I'd like to thank Cecilia for her inspirational post and the opportunity to reflect on the changes that have been going on in my plans and in my classes.

Sunday, February 13, 2011

Do We Take Our Voice For Granted?

Last Saturday morning I attended a seminar on the use of
our voice called "Performing What We Say". It was practical
as the listeners were encouraged to participate, which makes
it memorable.

These are the most relevant ideas discussed in the seminar:

  • In our communication process, 7% of our message is expressed with words, 38% with our voice and 55% with our bodies.
  • The voice is the sound factory. It's articulated air.
  • Before speaking/giving a class it's essential to be relaxed and to stand in the right way. There are many exercises to relax the neck, shoulders and the face muscles.
  • Coughing so as to clear our throat is bad for our vocal cords. The correct way of keeping our throat humid is drinking water.
  • Our vocal cords are affected by extreme coldness and by extreme heat.
  • When we speak, we should vary our tone of voice so as not to bore our audience.
  • The features of the voice are: the tone (acute or grave), the pitch, intensity, rythm, duration (length of the phonemes).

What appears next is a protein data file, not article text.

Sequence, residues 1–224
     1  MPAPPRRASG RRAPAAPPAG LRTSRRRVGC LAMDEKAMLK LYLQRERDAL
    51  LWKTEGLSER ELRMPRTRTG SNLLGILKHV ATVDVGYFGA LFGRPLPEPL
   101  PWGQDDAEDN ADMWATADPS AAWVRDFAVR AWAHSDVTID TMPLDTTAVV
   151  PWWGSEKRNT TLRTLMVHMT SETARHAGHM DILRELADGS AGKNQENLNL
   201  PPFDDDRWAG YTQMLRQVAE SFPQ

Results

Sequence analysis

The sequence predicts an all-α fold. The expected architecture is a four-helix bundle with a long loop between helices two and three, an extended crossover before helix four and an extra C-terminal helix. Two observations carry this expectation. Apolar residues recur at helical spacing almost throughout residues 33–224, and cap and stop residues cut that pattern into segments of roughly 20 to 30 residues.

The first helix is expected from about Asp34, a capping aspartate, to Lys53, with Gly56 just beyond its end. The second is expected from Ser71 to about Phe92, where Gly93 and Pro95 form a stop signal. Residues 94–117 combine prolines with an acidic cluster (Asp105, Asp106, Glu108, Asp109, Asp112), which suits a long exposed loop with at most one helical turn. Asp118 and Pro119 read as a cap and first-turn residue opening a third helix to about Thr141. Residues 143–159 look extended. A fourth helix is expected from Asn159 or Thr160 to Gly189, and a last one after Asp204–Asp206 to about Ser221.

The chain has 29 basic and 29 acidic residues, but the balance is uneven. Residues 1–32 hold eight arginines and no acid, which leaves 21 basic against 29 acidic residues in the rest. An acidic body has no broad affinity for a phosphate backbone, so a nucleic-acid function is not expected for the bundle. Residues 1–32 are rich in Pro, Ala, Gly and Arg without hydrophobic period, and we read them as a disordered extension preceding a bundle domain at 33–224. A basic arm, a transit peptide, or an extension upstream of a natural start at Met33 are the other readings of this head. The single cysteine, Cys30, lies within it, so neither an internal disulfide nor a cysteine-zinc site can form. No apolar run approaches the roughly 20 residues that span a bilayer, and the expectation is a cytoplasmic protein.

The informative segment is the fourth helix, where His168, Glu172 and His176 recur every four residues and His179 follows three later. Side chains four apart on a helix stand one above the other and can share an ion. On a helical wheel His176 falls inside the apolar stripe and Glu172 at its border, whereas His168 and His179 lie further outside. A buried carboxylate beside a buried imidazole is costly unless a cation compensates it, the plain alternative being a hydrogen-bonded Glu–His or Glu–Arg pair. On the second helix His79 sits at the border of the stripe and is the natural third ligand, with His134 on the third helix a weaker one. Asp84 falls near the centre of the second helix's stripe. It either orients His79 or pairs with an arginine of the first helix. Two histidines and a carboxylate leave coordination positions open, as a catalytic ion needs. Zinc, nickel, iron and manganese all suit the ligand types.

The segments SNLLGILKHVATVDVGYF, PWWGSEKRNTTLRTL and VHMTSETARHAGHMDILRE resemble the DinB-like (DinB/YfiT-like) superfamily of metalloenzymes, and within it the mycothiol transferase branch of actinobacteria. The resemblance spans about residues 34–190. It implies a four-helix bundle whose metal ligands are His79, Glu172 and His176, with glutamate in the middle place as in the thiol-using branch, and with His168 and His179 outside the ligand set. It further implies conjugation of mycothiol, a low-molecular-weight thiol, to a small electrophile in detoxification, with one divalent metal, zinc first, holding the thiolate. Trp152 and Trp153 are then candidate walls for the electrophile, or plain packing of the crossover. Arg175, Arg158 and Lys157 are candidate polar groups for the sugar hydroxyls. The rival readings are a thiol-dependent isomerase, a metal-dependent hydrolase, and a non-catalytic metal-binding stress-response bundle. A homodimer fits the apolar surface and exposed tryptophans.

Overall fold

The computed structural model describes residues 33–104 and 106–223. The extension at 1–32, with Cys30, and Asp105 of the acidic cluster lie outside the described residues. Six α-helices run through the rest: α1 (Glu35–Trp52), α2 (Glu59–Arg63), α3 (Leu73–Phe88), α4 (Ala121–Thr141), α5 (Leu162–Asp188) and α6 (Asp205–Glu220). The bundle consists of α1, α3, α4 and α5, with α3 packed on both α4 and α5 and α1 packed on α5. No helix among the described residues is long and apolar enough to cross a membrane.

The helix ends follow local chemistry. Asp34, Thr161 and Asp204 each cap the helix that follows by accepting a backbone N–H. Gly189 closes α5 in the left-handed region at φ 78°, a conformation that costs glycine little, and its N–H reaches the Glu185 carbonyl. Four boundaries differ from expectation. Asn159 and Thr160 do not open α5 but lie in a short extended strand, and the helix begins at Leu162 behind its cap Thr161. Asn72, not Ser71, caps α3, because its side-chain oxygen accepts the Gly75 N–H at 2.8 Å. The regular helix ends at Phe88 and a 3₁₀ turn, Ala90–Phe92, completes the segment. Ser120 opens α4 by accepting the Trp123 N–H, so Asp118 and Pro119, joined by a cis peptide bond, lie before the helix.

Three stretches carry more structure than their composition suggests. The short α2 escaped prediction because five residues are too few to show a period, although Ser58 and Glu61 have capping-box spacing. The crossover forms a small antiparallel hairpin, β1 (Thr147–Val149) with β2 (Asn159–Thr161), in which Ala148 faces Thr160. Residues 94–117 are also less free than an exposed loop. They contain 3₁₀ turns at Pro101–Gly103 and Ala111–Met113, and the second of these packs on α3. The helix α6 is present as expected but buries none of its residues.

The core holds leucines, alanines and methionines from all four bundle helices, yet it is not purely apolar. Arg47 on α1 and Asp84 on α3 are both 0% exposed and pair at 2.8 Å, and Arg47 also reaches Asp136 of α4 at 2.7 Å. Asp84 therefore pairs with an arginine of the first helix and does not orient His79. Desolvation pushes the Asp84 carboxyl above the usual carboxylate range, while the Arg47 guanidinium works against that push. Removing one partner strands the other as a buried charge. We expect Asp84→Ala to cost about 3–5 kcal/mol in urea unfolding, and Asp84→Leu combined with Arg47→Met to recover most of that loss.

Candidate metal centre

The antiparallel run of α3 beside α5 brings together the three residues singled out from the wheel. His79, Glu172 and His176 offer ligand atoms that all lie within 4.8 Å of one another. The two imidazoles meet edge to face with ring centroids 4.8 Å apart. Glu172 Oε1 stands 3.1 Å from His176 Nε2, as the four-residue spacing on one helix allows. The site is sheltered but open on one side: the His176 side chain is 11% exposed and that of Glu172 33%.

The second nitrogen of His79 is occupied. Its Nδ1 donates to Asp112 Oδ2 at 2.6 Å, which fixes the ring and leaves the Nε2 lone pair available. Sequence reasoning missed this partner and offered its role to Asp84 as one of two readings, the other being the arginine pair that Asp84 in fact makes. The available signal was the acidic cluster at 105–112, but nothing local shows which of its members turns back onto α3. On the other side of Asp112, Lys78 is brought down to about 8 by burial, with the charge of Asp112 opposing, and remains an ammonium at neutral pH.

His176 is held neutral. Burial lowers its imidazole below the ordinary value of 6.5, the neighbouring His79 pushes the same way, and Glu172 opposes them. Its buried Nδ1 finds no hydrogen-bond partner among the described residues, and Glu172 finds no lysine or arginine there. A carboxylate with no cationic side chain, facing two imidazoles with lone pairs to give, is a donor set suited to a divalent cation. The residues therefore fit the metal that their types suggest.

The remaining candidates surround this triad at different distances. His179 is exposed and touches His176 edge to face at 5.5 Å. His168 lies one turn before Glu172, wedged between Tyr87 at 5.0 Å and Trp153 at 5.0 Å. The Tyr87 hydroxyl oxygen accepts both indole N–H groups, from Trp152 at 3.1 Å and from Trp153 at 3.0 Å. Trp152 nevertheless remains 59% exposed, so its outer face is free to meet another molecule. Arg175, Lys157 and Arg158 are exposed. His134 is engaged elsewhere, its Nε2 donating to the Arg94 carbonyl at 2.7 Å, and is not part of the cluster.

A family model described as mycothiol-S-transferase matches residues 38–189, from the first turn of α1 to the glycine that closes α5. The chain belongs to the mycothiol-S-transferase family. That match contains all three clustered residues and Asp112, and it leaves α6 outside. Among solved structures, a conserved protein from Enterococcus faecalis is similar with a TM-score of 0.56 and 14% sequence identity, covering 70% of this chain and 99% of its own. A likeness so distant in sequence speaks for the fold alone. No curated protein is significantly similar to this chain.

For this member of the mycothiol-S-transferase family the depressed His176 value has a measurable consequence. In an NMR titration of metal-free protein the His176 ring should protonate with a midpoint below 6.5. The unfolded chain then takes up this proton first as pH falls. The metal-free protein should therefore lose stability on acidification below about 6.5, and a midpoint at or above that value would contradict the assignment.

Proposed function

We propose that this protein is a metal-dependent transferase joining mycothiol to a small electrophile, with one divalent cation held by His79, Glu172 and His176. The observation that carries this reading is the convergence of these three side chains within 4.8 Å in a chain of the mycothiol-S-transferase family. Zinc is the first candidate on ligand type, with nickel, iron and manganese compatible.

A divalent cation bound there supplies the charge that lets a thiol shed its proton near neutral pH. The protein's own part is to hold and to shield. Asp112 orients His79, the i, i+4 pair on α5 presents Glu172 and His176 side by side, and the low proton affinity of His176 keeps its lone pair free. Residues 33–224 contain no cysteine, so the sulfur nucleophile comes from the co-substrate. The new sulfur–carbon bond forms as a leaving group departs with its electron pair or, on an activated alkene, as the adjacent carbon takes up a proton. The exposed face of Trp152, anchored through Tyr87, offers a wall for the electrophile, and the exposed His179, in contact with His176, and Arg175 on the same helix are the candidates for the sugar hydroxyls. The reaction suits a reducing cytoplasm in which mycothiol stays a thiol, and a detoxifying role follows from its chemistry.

• The personality of the voice is determined by the individual's anatomy.
  • The most common speech malfunctions are: synaloepha (linking the final vowel of a word to the initial vowel of another word), omitting the pronunciation of some letters, wrong word stress in a statement, use of a monotone, lack of air, dropping the end of statements, nasalization.
  • Our bodies confer meaning.
An interesting exercise we did during the meeting was called "the funnel". In groups of three members, we had to stand facing each other at a distance and forming an imaginary triangle. All the triangles crossed each other. We had to tell the other members of our group what we had done the previous weekend and made ourselves audible. The idea was to check the intensity of our voice.
At the end of the seminar, we were given tips on how to speak in public as to body posture, gestures and the most suitable clothes to wear. As a kind of conclusion, we watched a video and some of us made a presentation of the video and others participated in interviews connected to it. Then we commented on all the aspects we had discussed.

All in all, the seminar made me aware of the importance of taking care of my voice and of using it in the most effective way.